After a few days, I am getting used to life in McMurdo. It is a small village built on land but surrounded by sea ice and the ice shelf. There are quite a variety of buildings around the town, each with a specific purpose. There are field supply buildings, offices, cargo storage, carpentry buildings, gyms, a medical building, and fuel pump houses to name a few. So far, I have spent most of my time in the dormitories, galley, and in the Crary Science and Engineering Center where we have a work space. I have also been to several of the other buildings for training and to start to gather supplies for our work out at the airfield.
The dorm rooms here are comfortable. They have everything we need (bed, dressers, desk, and even a fridge). We share with one other person (happily, we sorted it out so it’s another member of our team).
And our team is all on the same floor, which makes it nice for gathering and communicating necessary information to each other. And, as far as dorms go, I probably have one of the most spectacular views possible out my dorm window, so I really can’t complain!
These first few days here have mainly been packed with training classes and getting to know our way around as we prepare to get to work. The environment here is very harsh AND we have to be very careful of our footprint here as we live and work in Antarctica. So, there is a lot to learn about! We have had briefings on fire safety, waste management, spill cleanup, outdoor recreation safety, IT setup, and the “Environmental Awareness, Field and Dry Valley Safety Briefing”. We have also had to take driver training classes so we can drive the big tire F350 trucks here on the ice, and snowmobile training – and then a safety training on driving both of those near the airfield. And, tomorrow, we have our last one: the “Antarctic Field Safety” class. All of these classes help us work and live safely around here and minimize our impact on the environment, in accordance with the Antarctic Treaty.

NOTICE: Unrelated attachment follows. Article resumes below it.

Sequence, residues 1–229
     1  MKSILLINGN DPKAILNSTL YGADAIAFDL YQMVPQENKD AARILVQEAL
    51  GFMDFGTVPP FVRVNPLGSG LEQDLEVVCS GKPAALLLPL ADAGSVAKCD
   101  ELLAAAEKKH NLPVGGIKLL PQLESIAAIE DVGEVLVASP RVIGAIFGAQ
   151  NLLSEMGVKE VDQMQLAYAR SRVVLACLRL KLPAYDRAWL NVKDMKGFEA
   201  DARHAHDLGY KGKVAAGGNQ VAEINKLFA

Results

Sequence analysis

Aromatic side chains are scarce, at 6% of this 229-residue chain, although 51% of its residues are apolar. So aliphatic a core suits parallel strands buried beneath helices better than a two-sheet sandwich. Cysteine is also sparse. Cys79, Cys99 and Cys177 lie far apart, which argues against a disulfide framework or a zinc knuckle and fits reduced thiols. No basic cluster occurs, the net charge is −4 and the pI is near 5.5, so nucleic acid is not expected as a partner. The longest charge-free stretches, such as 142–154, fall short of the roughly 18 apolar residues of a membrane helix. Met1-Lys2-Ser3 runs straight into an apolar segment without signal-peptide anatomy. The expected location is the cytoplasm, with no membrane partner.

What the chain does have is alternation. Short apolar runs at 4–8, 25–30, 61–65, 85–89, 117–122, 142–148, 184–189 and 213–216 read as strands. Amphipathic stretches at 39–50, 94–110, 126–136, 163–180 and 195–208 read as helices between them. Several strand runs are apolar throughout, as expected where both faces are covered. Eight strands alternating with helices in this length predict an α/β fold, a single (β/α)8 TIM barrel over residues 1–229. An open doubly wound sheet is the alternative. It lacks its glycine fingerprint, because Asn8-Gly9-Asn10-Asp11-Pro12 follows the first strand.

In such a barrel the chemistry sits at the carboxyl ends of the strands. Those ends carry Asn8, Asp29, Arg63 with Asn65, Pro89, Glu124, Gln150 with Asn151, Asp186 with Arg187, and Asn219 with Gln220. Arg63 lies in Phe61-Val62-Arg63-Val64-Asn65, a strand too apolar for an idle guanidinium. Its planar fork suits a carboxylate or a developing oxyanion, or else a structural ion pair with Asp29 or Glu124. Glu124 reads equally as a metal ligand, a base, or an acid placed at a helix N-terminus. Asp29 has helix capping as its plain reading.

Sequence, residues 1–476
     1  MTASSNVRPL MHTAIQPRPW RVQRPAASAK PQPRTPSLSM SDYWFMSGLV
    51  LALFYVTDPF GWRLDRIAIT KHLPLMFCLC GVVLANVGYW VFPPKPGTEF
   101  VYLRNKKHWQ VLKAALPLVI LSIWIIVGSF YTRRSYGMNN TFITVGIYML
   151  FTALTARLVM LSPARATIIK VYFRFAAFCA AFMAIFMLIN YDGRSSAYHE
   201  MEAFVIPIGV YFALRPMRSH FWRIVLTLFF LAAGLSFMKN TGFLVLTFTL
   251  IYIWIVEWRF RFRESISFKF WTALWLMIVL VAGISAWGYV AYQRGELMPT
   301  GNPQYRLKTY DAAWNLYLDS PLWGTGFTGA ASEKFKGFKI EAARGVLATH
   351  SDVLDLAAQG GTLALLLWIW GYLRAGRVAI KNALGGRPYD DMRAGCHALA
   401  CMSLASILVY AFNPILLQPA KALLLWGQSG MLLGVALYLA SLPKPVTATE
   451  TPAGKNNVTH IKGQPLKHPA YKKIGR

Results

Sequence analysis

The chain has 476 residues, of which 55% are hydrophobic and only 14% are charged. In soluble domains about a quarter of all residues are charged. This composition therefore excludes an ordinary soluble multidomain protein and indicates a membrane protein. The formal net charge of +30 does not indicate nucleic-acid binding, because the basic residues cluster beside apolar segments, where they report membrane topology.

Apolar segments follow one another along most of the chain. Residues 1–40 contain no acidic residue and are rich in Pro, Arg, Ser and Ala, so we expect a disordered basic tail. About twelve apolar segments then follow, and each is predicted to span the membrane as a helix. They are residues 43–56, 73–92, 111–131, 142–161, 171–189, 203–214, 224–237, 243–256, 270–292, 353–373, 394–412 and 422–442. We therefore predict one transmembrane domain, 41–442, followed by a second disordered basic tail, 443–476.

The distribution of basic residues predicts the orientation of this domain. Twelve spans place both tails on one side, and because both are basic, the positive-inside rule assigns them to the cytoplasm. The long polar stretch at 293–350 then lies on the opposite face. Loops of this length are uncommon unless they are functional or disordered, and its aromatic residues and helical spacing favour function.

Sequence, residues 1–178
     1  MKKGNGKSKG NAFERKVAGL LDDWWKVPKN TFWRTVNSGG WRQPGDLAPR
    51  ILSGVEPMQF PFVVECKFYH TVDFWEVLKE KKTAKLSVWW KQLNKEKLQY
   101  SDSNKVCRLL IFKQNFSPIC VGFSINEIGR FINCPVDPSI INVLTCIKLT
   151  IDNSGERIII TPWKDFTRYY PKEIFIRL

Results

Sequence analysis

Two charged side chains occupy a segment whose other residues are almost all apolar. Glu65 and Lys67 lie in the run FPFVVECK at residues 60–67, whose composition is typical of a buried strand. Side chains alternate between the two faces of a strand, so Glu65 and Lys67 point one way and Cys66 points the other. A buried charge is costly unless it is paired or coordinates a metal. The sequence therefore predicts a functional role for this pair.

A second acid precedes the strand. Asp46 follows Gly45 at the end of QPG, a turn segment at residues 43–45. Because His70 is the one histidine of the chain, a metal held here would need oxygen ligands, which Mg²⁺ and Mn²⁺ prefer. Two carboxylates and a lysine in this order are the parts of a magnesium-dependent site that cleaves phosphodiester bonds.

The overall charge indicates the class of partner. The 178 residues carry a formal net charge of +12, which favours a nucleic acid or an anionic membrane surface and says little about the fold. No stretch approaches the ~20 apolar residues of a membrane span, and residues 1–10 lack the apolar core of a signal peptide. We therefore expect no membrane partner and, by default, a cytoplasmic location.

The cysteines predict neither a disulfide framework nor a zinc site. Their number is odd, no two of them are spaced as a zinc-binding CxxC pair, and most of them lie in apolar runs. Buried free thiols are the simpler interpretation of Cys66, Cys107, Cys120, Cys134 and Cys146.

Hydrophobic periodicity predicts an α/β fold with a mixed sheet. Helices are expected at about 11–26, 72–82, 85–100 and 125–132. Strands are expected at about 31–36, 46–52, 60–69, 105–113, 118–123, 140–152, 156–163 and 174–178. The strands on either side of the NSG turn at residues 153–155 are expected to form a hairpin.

Other than that, I am just trying to get used to the cold (which isn’t too bad on a calm sunny day but can be wicked when it’s windy!!) and the constant daylight. We got here the day after the last sunset! The monitors where they list current weather conditions tell me that the next sunset is on Feb 20, 2018! Luckily our rooms have black-out shades, and I brought an eye mask, which helps a lot when trying to sleep. As for the cold, I always have my wool base layers on underneath my clothing and have been wearing my “Big Red” (the red parka they issue us) with hat, gloves, and neck warmer whenever I am outside.
Our next big step is to get our work tent setup at Williams Airfield so we can start our flights out to map the Ross Ice shelf. Weather has been causing some delays, but they are predicting better weather tomorrow! So, with some luck, we will get our tent set up and fly our first check-flight on Monday.
Thanks for sharing your experiences! Looking forward to hearing about your flights over the ice.